– If there are extra grandmothers somewhere, we need them, she smiles.

Getting out of home

Some of the foreigners have come to Rauma alone. According to the survey they would want to have company for a sports activity or a local trip. Joint outdoor activities would give an opportunity to meet other people.

Foreigners also need guidance on everyone’s rights. Some were unsure of where to get their fish and pick berries and mushrooms.

– Here would be an opportunity for nature guides to sell tours to local foreigners, Rintanen suggests.

In addition to International Rauma, the Rauma in English and Rauma Guide pages on Facebook share local information in English. The pages are edited by foreigners living in Rauma.

The international community of Rauma gets together every second week. The first events of the Thursday Mingle have so far taken place in Amarillo from 17.30-20.

Rintanen is a Rauma guide and also has a blog Rauma Guide.

Author: Maarit Anttila, Länsi-Suomi newspaper
in cooperation with Kairi Rintanen, your page blogger 😉

Flea markets in Rauma

Now that people had time to clean their cupboards during the corona break and they feel like selling and buying new things, second hand shops are very popular again!

Rauma is a small town, hence people do not have an access to huge shops and they go to the flea markets, especially to buy the kids’ clothes and old Finnish dishes. For some it is an ecological way of life.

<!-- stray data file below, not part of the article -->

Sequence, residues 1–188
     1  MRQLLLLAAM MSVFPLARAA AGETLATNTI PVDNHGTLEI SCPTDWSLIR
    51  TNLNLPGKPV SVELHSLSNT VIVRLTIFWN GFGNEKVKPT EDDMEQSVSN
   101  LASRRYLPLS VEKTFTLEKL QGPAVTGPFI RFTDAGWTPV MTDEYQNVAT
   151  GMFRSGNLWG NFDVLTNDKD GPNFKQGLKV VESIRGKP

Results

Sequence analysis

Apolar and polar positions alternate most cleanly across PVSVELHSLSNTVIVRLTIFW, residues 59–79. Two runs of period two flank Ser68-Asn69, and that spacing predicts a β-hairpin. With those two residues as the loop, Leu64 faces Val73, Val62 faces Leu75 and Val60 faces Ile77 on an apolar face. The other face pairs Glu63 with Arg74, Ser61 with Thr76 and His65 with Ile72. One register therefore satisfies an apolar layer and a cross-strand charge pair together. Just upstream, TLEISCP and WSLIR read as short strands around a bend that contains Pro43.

Besides the shops listed here for tourists, there are a number of online Rauma flea markets on facebook. The best known online market in Finland is, that is totally free to use.

  1. Retriika, Hakunintie 10
  2. Ratamakasiini, Hakunintie 6
  3. Torin Kymppi, Kuninkaankatu 25 (old town)
  4. Mimin Kierrätysaitta, Aittakarinkatu 12 (good for children’s clothes)
  5. Eveliina, Monnankatu 39 ( a little bit away from city center, but still a busy place in Kourujärve living area)
  6. Kirpputori-Kahvio Radanvarsi, Rautatienkatu 6 (near the railway; couple of flea markets next to each ohter in old railway warehouses)
  7. The flea market of the salvation army is now called Peippo Kirppis. Located near the old town, at Savilankatu 9
  8. The three flea market shops (Ala-puoti, Ylä-puoti and Soffakammari) of the Finnish Red Cross, Karjalankatu 15 (this is a place I take old clothes to and the Red Cross gets money as they sell it). Now called Kirpputori Puoti ja Wanhat Tawarat?
  9. Lokki kirpputori, Satamakatu 2 (near the central park) Keskuspuisto
  10. Kasitien kirppis, not in Rauma, but Kangasnummentie 1, Eurajoki (people say they have found good deals)

    So how does it work if you want to sell at kirppis (the Finnish word for flea shop)? You rent a box for a week for about 20 euros. You tag your products with a paper, that refers to the product / size, its cost and box number. The cashier collects your papers, when people buy and weekly gives you the money. All money you make is yours, but make sure you sell more than you pay rent, hahaa. No need to pay taxes from this revenue.